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What to Say the Next Time a Democrat Tells You You’re Wrong

I’ve gotten to the point where I have almost completely tuned out half of the American population. You have to earn my respect.

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The next time a Democrat is telling you how wrong you are about something, just remember these folks thought Andrew Cuomo was a great leader and gave him an Emmy and a multi-million dollar book deal in spite of him killing thousands of our most vulnerable senior citizens and then lying and hiding it. And then the now six women who have said he sexually harassed them while they worked for him. And he is STILL in office. What happened to “believe all women?”

I take almost nothing they say seriously anymore. Nancy Pelosi’s statements on international women’s day were the most ludicrous things I’ve heard. All about how the Democrat party stands up to defend women. How about JFK, John Edwards, Bill Clinton, Anthony Weiner, Andrew Cuomo… And now transgender women’s sports? They don’t care about women. They care about power.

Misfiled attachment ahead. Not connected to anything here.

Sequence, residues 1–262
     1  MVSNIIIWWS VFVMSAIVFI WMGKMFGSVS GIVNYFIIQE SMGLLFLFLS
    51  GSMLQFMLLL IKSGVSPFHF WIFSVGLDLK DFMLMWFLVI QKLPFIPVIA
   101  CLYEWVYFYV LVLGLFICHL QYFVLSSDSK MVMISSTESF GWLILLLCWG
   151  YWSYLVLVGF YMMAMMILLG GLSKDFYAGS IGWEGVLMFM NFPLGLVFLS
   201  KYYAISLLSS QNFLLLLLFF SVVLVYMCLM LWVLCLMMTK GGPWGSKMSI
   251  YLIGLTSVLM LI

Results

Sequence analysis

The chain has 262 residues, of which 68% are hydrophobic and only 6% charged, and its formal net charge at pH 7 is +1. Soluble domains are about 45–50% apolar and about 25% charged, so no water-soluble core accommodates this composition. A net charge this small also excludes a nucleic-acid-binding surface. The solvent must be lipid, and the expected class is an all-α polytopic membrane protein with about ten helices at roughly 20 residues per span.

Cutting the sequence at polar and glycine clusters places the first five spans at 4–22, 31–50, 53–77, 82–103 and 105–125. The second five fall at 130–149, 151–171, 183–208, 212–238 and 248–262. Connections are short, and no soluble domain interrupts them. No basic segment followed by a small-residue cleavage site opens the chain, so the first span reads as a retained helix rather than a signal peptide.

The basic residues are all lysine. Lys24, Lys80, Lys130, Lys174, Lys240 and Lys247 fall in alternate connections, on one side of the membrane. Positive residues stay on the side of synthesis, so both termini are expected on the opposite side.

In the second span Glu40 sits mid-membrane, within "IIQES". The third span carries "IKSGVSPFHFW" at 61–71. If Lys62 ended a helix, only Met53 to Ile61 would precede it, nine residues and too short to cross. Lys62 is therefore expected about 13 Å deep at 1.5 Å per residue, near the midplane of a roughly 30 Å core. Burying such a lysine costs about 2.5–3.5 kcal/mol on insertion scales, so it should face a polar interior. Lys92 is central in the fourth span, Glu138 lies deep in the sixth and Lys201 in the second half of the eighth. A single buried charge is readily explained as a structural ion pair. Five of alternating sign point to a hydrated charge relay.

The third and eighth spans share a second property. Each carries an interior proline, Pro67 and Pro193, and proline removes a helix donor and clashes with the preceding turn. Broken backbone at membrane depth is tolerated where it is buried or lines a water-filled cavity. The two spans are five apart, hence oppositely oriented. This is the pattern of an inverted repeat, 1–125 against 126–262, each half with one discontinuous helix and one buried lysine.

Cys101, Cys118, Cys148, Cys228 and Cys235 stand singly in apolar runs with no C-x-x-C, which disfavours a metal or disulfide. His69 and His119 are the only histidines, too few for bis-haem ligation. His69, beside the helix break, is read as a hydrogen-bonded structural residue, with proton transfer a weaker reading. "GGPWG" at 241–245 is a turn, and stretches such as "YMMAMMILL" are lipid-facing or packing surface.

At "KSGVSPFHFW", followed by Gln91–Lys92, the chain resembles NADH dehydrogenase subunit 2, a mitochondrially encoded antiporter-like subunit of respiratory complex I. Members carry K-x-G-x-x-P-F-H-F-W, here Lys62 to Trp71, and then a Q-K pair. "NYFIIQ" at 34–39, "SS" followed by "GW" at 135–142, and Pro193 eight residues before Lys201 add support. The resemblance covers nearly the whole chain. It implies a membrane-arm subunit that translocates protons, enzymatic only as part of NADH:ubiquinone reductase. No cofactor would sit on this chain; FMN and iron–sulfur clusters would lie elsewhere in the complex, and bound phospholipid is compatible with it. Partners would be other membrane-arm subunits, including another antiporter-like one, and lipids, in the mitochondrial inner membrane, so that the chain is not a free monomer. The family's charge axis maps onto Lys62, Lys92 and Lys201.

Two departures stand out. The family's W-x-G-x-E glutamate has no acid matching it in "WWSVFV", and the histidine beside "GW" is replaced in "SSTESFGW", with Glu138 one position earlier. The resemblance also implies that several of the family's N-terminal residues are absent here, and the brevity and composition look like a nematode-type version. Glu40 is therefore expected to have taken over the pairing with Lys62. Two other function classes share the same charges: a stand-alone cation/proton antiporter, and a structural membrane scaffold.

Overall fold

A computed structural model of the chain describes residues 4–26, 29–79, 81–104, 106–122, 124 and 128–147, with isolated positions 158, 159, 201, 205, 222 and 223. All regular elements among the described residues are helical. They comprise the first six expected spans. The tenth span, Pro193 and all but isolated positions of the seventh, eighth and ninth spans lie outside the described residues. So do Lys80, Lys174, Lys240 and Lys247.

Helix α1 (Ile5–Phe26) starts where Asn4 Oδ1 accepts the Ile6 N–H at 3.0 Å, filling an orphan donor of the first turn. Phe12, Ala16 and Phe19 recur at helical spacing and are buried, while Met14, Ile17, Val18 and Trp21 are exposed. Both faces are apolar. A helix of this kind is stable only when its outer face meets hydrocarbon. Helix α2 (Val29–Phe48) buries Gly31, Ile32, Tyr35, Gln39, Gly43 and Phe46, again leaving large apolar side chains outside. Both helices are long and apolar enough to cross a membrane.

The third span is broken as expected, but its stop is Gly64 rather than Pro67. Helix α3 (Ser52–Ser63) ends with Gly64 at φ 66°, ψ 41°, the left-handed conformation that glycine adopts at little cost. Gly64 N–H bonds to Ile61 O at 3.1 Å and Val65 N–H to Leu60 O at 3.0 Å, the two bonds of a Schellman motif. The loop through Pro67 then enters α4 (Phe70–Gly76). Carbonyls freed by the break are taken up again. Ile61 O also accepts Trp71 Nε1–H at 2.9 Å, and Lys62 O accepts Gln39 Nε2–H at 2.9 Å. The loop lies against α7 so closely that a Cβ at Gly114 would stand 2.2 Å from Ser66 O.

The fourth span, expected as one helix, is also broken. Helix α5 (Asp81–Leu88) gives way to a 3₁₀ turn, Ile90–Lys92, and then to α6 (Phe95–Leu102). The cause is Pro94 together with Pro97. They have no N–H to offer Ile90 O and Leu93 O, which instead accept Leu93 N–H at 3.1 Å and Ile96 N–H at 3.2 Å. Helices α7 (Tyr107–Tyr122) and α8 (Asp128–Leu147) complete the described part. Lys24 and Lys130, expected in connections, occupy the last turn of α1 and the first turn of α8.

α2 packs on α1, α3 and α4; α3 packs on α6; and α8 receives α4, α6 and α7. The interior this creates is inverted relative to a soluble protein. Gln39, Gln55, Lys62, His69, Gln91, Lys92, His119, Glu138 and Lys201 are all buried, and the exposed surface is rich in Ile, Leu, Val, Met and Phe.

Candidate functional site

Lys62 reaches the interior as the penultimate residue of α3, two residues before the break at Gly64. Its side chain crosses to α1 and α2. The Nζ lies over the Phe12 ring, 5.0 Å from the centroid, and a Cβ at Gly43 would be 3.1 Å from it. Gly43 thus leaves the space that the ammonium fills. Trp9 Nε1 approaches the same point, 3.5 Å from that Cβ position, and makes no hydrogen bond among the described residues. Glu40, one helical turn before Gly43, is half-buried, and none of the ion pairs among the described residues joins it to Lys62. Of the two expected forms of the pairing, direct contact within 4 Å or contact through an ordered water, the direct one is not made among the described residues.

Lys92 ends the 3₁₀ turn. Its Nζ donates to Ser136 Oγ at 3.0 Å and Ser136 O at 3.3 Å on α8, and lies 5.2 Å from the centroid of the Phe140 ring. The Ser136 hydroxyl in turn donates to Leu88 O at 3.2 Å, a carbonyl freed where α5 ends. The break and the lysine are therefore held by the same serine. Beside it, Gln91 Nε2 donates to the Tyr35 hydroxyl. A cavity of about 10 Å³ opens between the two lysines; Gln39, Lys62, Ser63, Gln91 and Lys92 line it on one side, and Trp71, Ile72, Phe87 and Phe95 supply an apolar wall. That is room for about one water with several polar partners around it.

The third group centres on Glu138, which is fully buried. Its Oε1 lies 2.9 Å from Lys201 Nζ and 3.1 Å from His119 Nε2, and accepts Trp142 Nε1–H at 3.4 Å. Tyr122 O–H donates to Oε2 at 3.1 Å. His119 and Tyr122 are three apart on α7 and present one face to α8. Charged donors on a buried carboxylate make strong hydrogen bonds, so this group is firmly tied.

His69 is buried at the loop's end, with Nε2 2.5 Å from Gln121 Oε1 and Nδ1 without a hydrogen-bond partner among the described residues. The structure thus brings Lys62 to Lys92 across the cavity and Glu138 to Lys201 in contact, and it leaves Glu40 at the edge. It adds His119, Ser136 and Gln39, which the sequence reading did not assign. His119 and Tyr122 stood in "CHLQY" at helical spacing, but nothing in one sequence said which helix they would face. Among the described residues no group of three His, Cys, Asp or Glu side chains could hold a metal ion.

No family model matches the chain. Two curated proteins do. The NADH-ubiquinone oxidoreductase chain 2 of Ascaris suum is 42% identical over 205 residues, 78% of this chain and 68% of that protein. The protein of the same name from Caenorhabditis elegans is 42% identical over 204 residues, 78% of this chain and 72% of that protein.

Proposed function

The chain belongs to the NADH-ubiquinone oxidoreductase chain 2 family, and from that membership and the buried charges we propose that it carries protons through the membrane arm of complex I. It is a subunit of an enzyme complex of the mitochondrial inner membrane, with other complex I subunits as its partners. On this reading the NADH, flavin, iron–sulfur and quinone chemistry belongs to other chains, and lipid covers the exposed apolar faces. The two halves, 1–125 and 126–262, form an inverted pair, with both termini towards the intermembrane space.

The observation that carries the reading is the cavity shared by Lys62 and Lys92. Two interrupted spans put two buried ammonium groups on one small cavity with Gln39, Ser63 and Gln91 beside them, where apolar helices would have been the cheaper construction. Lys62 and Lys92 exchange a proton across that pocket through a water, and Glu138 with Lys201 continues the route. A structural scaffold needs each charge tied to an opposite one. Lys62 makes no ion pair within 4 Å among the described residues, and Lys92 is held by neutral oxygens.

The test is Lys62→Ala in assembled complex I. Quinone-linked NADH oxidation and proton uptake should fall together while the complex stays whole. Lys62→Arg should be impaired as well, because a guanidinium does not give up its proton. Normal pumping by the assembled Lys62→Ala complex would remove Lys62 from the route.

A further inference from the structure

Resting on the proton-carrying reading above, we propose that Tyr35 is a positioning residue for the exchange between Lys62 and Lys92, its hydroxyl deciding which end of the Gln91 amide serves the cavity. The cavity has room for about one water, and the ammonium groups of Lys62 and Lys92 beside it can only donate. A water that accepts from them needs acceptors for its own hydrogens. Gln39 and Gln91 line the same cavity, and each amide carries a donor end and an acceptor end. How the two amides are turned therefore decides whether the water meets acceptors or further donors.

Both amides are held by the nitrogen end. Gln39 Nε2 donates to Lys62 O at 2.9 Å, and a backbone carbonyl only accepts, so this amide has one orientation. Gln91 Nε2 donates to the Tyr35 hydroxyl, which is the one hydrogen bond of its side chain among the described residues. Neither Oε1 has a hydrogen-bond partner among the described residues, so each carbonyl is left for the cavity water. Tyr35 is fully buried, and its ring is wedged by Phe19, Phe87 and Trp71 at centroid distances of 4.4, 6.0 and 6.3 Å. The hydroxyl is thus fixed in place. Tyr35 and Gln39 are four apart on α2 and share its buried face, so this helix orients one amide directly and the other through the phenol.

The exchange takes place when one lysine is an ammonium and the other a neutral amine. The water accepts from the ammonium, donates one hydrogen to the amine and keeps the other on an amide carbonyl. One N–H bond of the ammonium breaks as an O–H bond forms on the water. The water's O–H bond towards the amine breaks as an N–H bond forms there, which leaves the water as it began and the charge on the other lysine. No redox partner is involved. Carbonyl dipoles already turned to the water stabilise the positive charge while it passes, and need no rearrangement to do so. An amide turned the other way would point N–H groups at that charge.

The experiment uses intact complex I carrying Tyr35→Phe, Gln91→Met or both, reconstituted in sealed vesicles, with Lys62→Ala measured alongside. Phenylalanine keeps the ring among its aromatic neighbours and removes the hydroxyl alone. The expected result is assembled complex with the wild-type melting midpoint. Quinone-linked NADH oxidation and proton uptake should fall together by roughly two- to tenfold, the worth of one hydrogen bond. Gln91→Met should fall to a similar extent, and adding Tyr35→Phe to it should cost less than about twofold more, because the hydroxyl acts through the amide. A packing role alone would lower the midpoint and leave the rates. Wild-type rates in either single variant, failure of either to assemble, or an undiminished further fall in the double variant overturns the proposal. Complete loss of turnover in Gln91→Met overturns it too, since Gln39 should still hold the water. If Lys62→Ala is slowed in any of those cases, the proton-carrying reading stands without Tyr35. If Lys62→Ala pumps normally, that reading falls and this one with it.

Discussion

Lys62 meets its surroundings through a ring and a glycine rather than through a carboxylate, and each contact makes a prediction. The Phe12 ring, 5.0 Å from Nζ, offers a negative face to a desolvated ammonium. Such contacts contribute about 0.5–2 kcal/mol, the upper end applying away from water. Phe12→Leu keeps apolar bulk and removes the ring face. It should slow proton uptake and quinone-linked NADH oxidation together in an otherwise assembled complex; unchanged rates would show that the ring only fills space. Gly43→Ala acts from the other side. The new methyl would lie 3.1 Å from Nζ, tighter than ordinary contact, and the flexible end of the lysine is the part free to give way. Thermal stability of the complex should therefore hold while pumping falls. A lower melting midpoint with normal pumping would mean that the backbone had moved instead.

In a way I feel bad that I’ve gotten to the point where I have almost completely tuned out half of the American population, but you have to earn my respect.

Telling me that you care about women and then covering for men who abuse them will not have me listening to you.

Telling me that you care about women but allowing men who say they’re women to completely dominate their sports will not have me listening to you.

Telling me that you hate Donald Trump but not being able to name a single policy that you disagree with him on and only that he’s a jerk on Twitter, will not have me listening to you.